But it didn't last. Something like 5mm actually fell, and the rain didn't knock the pollution out of the air, it just added some humidity to an already humid week and seems to be making the smog hang significantly thicker than usual.
|Looking northwest at the smog. Like the plant and the |
cushions on the window seat though?
Above and right are a couple of shots I just took out of my office window to illustrate my point. Eeew. When these pictures were taken, about 11am, the pollution was in the "Very Unhealthy" category and the EPA recommends that "People with heart or lung disease, older adults, and children should avoid all physical activity outdoors. Everyone else should avoid prolonged or heavy exertion." That's why I'm staying inside. ;)
The amount of pollutants in the air is definitely harder to gauge by looking at than I would think though, so luckily there are monitors to take the guesswork out of it. The really harmful stuff is super small (2.5 micrometers in diameter) and stays suspended in the atmosphere for a long time. Particles this small can go straight into your bloodstream through your lungs, and are therefore what is monitored by the U.S. Consulate here in Shanghai. Check out their website for a good description of what they measure and hourly updates of what the PM2.5 count is at the Consulate building in Shanghai. You can also check out their Twitter feed.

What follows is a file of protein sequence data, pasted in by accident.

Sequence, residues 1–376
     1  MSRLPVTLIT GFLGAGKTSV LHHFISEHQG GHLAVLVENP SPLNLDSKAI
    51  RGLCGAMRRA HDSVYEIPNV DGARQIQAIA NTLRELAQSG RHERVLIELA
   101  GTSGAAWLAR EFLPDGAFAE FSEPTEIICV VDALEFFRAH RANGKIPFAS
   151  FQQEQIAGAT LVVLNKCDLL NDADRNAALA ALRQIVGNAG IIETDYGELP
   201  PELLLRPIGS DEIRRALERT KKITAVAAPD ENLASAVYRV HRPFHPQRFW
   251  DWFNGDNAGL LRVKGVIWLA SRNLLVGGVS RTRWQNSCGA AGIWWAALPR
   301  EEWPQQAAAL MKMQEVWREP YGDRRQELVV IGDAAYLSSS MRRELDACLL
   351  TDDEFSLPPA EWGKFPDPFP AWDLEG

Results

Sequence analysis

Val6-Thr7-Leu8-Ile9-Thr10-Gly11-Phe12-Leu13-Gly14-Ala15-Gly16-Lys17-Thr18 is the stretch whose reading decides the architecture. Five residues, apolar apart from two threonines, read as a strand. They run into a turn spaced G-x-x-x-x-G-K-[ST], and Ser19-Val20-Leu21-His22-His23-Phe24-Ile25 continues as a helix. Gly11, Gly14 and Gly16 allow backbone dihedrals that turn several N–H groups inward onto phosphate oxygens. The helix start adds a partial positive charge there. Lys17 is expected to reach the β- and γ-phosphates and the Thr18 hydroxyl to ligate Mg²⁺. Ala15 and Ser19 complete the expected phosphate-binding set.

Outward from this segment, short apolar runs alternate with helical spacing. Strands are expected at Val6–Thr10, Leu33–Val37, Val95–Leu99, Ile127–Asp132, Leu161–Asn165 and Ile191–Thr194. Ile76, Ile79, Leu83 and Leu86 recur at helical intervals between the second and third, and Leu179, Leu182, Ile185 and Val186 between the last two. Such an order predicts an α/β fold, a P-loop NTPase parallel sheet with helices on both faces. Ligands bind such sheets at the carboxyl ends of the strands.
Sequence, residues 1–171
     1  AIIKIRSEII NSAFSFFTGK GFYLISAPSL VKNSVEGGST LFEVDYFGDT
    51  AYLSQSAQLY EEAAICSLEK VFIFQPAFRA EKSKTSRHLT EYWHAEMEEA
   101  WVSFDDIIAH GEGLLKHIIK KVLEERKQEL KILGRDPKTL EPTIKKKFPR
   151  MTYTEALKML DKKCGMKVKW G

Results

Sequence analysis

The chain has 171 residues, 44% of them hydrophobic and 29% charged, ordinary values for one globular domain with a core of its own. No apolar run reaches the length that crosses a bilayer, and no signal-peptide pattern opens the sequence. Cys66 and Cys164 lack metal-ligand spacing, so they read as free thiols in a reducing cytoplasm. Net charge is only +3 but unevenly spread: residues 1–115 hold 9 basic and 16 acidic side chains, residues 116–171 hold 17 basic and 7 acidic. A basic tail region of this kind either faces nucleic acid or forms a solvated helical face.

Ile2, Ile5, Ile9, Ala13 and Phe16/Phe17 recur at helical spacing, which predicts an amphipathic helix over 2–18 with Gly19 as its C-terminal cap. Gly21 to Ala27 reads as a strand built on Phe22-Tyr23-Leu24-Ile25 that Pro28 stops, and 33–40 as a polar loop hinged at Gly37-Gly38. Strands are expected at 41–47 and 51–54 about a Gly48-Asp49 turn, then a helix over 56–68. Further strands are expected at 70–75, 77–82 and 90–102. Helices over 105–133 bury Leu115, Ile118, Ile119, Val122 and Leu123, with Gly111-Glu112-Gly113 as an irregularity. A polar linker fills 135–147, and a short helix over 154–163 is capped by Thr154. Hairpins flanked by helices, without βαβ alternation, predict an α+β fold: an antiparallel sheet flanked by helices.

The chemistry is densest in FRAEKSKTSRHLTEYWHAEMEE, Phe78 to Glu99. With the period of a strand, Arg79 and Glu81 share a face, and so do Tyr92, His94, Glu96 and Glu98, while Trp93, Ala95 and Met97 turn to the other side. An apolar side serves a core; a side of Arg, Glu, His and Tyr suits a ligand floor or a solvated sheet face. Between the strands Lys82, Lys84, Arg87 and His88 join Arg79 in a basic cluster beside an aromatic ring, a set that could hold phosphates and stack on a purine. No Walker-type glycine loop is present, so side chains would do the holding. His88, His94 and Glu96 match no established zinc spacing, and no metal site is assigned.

(Why it's posted on Twitter - which you "can't" get to from within China - is a slightly complicated story, which you can read about if you just Google "u.s. consulate shanghai air quality monitor" and read the WSJ and other stories. The "official" (and reasonable) reason is that, in China, Americans primarily use Twitter, not Weibo, the Chinese equivalent, and since Americans are who the U.S. Consulate is there to educate, Twitter is what gets used.)
It's also worth comparing the U.S. readings to China's own readings, which are sometimes wildly different. But not as bad as Beijing's Chinese versus U.S. readings, I hear. Try the Shanghai Daily Air Quality page and the Shanghai Environmental Monitoring Center, but you'll have to get Google to translate it for you. The Chinese authorities also measure totally different things and report them differently, so there is oftentimes good reason for the readings to be different.
So yeah, I'm just going to hang out inside today and catch up on some of the reading that I've been ignoring lately.
Update (1:09pm China Time): Newest U.S. Consulate pollution reading puts the level at "Hazardous". Dang.